MrFritz Baffour, the Member of Parliament for Ablekuma South, at the weekend advised Ghanaians not to allow political and ethnic differences to fester and undermine national cohesion.
He said Ghanaians were endowed with a common heritage due to the country’s great ethnic dynamics, and that the factor should serve as a disincentive to segregate the citizenry, particularly on partisan political lines.
Mr Bafour, who is also the Board Chairman of the Ghana Museums and Monuments, was speaking at an event organised to mark the 10th Anniversary of Elmina-Java Museum and the premiering of a documentary “Footprints of the Brave: The Story of the Black Dutchmen”.
The documentary is based on the history of African soldiers who were recruited between 1831 and 1872 to serve in the Dutch colonial army.
It was produced by Yaw OheneDankwa, a historian.
Mr Bafour underscored the importance of preservation of the country’s cultural heritage, and stressed that it was critical for development.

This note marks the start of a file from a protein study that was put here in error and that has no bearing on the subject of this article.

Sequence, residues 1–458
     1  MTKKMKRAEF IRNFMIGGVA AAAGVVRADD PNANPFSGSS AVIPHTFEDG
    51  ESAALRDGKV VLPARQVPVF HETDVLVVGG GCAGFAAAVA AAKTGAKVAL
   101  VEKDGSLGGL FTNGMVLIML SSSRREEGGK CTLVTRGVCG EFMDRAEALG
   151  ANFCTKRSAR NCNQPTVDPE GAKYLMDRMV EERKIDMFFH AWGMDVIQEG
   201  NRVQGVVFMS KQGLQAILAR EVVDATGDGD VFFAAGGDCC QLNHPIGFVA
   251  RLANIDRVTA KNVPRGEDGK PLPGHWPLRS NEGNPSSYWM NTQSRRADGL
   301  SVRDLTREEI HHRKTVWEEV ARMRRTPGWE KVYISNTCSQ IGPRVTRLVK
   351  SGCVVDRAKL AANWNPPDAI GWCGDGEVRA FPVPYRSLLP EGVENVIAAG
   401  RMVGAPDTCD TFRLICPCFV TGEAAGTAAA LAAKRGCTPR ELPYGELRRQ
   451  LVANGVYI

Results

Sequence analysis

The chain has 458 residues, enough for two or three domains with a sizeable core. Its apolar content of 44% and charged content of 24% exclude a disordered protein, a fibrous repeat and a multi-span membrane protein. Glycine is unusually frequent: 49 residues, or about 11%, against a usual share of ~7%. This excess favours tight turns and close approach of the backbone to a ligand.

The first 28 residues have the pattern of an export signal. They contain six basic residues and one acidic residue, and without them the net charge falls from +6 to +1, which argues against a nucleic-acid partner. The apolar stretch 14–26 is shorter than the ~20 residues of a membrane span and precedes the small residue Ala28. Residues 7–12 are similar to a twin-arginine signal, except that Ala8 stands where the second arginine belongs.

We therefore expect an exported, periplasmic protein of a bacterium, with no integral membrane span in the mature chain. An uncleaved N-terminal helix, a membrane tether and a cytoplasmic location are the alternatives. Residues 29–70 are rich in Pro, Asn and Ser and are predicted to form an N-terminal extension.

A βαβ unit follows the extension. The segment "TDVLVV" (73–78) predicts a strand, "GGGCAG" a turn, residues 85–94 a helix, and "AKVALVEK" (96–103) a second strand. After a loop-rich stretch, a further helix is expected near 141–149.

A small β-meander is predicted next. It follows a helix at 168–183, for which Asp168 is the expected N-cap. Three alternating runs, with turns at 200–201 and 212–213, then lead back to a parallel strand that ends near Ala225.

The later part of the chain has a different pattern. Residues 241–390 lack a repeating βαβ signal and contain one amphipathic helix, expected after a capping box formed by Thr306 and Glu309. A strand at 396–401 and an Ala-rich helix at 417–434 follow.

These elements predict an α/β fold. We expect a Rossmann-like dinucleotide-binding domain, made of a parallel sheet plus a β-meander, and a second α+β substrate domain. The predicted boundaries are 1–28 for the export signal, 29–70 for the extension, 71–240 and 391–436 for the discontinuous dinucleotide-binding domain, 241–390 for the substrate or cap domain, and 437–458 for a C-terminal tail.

“Our history is the foundation that we will use to build a better glory for Ghana”, he added.
Professor Agyeman Badu Akosa, a leading member of the Convention People’s Party, reiterated the call on Ghanaians to contribute towards national cohesion.
He described the citizenry as a hybrid of other races, saying, “Ghanaians were indigenously a mixed race. If you test by means of a DNA-technology, you will not be able to get any Ghanaian from any tribe that is pure”.
Prof Akosa therefore urged the citizenry to contribute towards lowering the high political temperature that sometimes characterised national discourses.